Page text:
Cauliflower tabouli: A modern rendition of the classic
One day when searching online for a particular recipe, I happened on a post for cauliflower tabouli. Since tabouli is not what I was set on at the time, I kept clicking. Weeks later I held a half head of cauliflower in my hand and recalled the tabouli idea. I wish I could credit the proper site for this idea. Of course, there could be 97 who would claim credit. Thanks to you all! This salad is a total winner.
My introduction to tabouli came decades ago when a friend from work stopped to visit my garden. She spied the flat-leafed parsley and lit up. “You can make tabouli for our next potluck!” Sally had lived and worked for a time in an Israeli kibbutz and provided me a lovely connection to Middle Eastern food. The day following the garden visit she handed me a recipe card with instructions for tabouli, neatly printed.
One of the key ingredients in tabouli is flat-leafed parsley. Sally’s reaction came from the fact that markets only carried curly parsley. It is not a good substitute. The curly stuff is bitter! You have to realize that in those days parsley was considered a throw-away garnish. Curly was pretty. Flat was boring and weed-like so the only flat-leafed parsley in the country was growing in home gardens of recent Middle Eastern immigrants and a few Hippy cooks like me.
Today most markets carry a bit of the flat-leafed parsley. Some of the not-so-savvy grocers sell it as cilantro. Watch it! Pinch a leaf and smell to ensure buying the right herb. Buying at a farmers’ market is safer. If the vendor grew the plant, then they certainly know what the plant is…even if cilantro and flat-leafed parsley do look similar.
Another key ingredient in tabouli is bulgur, a cracked wheat that adds body and a welcome chewiness to the salad. In the rendition below, finely chopped cauliflower replaces the bulgur, a super switch if you are cutting down or cutting out wheat. And guess what? Cauliflower improves the body and the chewiness of the salad.
Traditional tabouli keeps for a few days when properly refrigerated. However, it always tastes best on the day it is prepared. Cauliflower taboubli holds up beautifully into day 2 and day 3. That means a lot in this house. Now we have a super salad for brown-bagging or for a quick lunch of leftovers.
The ingredients and amounts listed below are suggestions. Every tabouli artist loads their own pallet. Be free to do the same. Create your signature tabouli that pleases your palate and the palates of those you love to feed.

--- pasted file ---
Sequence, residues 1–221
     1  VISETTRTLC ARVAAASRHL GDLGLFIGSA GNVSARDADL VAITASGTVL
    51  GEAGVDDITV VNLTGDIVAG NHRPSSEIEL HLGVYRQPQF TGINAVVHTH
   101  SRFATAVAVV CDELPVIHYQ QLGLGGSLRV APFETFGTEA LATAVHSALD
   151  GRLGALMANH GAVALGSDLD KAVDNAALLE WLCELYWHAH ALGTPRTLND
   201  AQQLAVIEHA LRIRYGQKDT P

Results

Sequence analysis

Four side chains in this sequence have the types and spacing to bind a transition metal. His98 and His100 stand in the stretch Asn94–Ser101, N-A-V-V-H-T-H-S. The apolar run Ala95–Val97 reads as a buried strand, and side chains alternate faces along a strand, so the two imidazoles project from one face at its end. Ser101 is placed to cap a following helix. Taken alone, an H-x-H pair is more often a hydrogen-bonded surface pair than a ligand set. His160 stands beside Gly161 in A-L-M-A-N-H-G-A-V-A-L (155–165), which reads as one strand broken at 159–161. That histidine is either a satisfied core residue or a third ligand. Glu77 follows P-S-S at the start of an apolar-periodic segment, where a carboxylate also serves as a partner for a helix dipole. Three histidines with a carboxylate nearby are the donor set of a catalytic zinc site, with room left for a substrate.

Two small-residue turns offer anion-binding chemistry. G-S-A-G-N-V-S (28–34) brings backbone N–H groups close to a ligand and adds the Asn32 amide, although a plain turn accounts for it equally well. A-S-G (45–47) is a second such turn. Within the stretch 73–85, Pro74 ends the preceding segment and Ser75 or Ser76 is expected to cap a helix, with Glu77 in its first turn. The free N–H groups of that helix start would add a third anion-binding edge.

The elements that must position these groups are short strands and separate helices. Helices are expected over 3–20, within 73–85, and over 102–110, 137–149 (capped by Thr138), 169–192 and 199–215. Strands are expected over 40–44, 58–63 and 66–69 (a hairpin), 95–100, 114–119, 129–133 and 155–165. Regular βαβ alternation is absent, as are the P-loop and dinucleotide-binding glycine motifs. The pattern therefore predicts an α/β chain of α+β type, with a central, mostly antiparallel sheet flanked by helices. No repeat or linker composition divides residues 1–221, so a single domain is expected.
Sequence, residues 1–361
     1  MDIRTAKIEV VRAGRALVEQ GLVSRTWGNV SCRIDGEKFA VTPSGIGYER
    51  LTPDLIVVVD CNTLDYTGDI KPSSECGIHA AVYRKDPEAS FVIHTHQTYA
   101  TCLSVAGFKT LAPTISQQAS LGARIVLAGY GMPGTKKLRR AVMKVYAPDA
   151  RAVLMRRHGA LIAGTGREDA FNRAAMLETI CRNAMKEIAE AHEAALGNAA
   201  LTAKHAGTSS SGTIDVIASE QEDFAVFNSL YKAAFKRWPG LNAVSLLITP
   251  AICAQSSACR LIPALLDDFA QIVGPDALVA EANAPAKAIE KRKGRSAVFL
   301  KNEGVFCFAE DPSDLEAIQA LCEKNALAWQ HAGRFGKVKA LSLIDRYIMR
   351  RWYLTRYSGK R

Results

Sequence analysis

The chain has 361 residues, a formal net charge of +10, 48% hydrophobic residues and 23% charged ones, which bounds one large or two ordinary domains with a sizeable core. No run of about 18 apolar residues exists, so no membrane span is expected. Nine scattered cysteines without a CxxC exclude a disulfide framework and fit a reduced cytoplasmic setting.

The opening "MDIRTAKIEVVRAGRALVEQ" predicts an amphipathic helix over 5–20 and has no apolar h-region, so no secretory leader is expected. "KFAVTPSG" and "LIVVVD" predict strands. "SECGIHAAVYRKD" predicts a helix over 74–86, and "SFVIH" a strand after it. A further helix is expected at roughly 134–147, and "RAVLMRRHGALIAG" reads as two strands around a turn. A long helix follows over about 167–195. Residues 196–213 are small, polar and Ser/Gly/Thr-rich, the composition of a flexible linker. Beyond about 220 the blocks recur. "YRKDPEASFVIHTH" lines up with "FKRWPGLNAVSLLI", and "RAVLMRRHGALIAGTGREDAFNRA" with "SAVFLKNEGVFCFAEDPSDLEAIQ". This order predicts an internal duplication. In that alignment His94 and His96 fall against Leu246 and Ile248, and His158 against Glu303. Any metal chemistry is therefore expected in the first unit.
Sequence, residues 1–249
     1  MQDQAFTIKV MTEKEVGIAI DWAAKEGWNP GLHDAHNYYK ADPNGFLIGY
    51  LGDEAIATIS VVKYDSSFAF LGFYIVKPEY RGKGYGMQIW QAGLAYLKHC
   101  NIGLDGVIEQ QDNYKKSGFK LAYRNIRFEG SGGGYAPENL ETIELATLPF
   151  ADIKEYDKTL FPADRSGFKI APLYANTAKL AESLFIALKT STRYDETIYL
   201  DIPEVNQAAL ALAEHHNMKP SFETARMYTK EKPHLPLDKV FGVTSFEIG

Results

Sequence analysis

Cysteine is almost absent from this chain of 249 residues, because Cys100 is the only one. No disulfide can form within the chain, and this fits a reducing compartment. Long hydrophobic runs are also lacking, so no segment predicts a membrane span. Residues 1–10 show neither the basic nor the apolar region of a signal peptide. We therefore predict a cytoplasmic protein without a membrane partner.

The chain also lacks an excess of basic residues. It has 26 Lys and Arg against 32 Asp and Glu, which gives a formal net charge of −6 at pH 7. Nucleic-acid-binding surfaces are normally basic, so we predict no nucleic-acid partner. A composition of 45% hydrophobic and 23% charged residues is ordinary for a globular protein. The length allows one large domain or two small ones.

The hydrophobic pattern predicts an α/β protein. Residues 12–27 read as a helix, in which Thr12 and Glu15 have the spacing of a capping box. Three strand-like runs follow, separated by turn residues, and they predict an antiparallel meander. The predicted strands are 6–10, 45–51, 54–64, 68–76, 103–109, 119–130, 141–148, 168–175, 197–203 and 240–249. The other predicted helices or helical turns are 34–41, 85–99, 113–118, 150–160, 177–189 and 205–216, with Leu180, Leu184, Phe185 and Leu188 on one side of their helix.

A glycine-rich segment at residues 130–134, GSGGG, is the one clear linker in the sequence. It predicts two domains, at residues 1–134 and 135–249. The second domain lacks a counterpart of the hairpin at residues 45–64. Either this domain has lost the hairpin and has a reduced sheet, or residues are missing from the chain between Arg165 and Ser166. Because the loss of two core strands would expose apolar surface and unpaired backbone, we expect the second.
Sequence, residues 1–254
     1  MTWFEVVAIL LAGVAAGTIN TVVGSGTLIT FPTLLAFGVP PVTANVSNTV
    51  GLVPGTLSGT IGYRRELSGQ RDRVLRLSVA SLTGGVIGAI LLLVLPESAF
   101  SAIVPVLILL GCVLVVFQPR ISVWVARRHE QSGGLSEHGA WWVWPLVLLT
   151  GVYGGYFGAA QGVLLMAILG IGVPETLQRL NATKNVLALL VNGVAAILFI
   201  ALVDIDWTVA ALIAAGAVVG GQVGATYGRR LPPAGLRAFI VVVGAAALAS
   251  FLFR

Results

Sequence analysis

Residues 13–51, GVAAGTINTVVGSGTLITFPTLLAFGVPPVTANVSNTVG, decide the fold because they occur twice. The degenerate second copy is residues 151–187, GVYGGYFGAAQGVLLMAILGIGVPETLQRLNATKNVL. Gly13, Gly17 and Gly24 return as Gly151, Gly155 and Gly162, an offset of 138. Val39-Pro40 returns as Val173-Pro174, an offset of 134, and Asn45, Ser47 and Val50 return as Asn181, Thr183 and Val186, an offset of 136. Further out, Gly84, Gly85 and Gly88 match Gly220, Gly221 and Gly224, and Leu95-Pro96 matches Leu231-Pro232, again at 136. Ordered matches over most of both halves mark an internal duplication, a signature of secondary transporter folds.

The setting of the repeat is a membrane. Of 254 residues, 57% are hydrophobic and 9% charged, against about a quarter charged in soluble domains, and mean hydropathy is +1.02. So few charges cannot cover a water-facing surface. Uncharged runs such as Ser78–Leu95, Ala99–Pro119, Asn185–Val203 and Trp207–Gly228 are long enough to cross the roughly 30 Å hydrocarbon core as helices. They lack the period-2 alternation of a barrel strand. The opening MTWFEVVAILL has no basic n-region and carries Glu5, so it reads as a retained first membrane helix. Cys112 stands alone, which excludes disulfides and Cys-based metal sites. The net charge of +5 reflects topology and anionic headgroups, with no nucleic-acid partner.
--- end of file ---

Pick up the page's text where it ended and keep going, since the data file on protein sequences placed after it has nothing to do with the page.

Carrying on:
Cauliflower Tabouli Ingredients
- 1 small head cauliflower, the fresher the better
- 1 1/2 cups minced flat-leafed parsley
- 1/2 cup minced mint
- 3 cloves garlic, finely minced
- 2 green onions, finely sliced
- 1 lemon, juiced
- 1/3 cup extra virgin olive oil
- Sea salt and freshly ground pepper to taste
Cauliflower Tabouli Steps
- Thoroughly wash the cauliflower then break it into flowerettes.
- Finely chop the flowerettes either with a heavy butcher’s knife or in a food processor. If using the food processor, give it a couple of pulses at a time until the cauliflower pieces are about the size of small green peas, no smaller. If you get carried away with the processing, you will lose the crunch in your tabouli.
- Empty the chopped cauliflower into a large salad bowl. Sprinkle on the garlic, parsley, mint, and onions. Toss and blend the ingredients thoroughly.
- Stir the lemon juice and olive oil together, then drizzle it over the salad. Add salt and pepper to suit your taste and toss to completely coat all the ingredients in the lemon/oil mixture.
- Allow the tabouli to rest at room temperature for 15-30 minutes for the flavors to blend. Mix again and check the salt and pepper. Add more if needed.
Serve the tabouli as a side, as a salad, as a topping for baked potato, as an addition to a felafel sandwich, as a fresh topping for a grilled cheese sandwich, and creatively on and on! Do enjoy, however you use it.